VADODARA/RAJKOT: Keen to project himself as an IT-savvy CM in the mould of Chandrababu Naidu, new Gujarat Chief Minister Narendra Modi used the elaborate video-conferencing facility to talk to several district collectors on his first day in office on Monday.

In the process he took several officials by surprise.

His predecessor, Keshubhai Patel, had only sparingly used the network to communicate to the districts, but Modi had made his intentions known right on the day of his swearing-in when he organised the live Web-casting of the ceremony.

Sources said the new chief minister spoke to at least 10 collectors, many of whom invited the local media to witness the event at the district headquarters.

"Vadodara was my 'karmabhoomi'. I see several familiar media persons sitting there," was the first reaction of Modi during a video-conference with officials of the Vadodara district administration. The wit and humour of a supposedly no-nonsense person came as a surprise to the audience here.

Modi seemed to have done his homework well before speaking to the officials. While he admitted that the Gujarati spoken by him was heavily accented with Hindi due to his stay in Delhi, his deliberations with the officials made it evident that he had kept in touch with the state of affairs in Gujarat.

"Yes, I have read a lot about your computerisation programme," he said to the Panchmahals district collector Jayanti Ravi. He also said the media had taken special note of the work done by her in Pavagadh.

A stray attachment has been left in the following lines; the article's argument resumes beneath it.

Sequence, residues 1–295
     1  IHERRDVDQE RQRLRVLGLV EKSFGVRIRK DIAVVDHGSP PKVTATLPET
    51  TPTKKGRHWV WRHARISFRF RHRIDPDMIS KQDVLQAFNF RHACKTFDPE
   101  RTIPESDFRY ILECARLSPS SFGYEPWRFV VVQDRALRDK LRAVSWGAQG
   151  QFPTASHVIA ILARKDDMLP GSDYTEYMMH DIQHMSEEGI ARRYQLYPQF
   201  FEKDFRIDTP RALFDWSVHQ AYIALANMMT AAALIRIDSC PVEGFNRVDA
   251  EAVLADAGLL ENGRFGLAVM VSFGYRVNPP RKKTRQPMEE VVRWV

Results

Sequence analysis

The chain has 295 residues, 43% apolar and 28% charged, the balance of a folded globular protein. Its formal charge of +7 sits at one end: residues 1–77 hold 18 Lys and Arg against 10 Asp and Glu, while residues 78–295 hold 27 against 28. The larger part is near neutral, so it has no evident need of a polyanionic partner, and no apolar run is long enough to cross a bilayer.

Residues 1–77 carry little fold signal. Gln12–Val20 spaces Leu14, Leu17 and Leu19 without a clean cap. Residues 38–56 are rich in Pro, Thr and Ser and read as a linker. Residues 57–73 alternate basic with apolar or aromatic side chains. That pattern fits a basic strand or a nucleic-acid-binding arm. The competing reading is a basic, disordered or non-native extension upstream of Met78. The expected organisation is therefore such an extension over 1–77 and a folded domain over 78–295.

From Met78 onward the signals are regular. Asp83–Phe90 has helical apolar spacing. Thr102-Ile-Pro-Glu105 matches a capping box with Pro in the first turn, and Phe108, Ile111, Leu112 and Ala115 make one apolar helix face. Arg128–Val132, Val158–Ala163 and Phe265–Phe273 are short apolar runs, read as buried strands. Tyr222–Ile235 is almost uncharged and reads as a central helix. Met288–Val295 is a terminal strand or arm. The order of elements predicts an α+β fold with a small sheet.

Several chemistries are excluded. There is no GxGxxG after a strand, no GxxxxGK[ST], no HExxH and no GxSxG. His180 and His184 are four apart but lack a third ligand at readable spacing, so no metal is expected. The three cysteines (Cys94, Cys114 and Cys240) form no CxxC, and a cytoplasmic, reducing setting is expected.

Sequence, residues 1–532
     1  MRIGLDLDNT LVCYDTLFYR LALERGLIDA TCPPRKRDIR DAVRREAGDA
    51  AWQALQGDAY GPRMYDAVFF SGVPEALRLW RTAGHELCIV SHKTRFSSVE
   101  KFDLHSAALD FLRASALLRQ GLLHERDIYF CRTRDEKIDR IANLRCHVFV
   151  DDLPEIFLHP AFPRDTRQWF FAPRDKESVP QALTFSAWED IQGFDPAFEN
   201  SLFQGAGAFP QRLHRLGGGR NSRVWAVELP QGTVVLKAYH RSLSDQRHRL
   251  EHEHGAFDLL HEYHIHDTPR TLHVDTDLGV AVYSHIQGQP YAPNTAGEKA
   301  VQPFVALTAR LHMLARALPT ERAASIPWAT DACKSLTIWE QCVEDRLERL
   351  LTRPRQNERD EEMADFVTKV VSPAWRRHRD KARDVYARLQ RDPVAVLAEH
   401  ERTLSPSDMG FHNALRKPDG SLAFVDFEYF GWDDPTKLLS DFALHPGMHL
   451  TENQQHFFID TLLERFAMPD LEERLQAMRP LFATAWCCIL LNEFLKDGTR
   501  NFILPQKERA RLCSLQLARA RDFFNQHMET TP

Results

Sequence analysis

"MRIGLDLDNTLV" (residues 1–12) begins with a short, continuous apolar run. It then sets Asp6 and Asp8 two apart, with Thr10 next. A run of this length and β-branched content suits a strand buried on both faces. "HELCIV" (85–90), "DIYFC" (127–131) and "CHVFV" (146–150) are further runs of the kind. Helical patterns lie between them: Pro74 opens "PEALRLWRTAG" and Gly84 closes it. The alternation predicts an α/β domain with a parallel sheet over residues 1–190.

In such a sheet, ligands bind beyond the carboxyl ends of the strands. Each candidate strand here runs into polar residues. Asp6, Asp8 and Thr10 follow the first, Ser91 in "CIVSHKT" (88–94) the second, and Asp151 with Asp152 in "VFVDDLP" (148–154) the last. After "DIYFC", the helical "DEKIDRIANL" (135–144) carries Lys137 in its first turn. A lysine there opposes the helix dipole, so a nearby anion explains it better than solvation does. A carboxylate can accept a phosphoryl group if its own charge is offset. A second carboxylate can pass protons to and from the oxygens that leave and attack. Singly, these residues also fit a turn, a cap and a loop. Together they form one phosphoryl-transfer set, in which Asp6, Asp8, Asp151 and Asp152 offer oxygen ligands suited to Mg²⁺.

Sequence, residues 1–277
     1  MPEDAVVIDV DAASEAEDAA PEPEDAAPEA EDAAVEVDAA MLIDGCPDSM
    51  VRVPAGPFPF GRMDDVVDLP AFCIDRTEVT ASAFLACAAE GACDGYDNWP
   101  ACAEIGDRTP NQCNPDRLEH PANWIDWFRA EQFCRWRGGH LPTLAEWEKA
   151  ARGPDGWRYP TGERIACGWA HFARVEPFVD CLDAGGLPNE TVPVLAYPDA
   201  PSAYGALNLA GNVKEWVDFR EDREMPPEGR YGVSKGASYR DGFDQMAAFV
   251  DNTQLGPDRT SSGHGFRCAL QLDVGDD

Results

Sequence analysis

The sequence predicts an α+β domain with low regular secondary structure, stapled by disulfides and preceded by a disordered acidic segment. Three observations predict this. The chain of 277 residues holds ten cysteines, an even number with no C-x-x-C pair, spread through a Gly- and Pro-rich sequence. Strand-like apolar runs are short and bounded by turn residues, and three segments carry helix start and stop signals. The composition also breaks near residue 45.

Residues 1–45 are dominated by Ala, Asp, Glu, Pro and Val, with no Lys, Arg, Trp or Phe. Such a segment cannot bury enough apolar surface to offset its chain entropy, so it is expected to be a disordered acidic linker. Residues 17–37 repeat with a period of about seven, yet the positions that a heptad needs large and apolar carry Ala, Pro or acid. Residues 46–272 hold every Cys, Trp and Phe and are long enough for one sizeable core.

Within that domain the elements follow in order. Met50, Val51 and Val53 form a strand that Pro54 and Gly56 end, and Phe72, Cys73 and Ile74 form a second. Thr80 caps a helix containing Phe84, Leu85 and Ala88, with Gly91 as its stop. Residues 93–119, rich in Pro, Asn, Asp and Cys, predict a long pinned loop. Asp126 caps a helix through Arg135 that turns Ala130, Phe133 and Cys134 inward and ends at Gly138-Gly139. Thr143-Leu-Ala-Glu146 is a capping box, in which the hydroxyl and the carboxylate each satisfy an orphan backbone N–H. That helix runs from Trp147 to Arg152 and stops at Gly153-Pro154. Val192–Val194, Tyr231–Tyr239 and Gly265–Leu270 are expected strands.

The knowledge of the affairs of a lesser important district like Panchmahals came as a surprise to many in the audience.

Vadodara district collector Bhagyesh Jha informed Modi about the e-governance and model district programmes. The CM showed keen interest in the same, and said he would like to come to the city and understand the work being done there.

Kheda district collector Bharat Joshi had a taste of the wit of Modi when he informed him that several local media representatives were present in his office when he was speaking to him.

"You seem to be media-savvy," pat came the reply from Modi. Nonetheless, he said healthy relations with the media were appreciable.

Mehsana district collector was caught in a similar situation when he said he would co-operate with all the plans of Modi, and that the administration was gearing up for the same. Modi snapped back, "You already seem to know what I want to do."

Officials in Dahod seemed visibly tense during their interaction with Modi. The CM immediately struck a chord with them by telling them to relax. "This interaction is very informal. We are here just to introduce ourselves," the CM said.

Modi held a video-conference with the Rajkot collector P N Patel too on Monday. Besides the collector, Police Commissioner Sudhir Sinha and Municipal Commissioner J P Gupta and other officials also remained present.

The conference lasted for just two to three minutes. But for the introduction of the officers in the district and exchange of pleasantries no issue related to Rajkot city were discussed.

While reporters were asked to remain present at the conference no question answer session was held.

Not fully aware of the back ground of Modi , the Rajkot district collector who thought the chief minister knew Hindi (due to his long stint at Delhi) started talking to him in Hindi but was politely told by the chief minister Hindi that it would be absolutely fine if he conversed in Gujarati.

News Source : The Times of India [India's best Newspaper]

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Narmada project will be a turning point: Modi Tuesday, October 9, 2001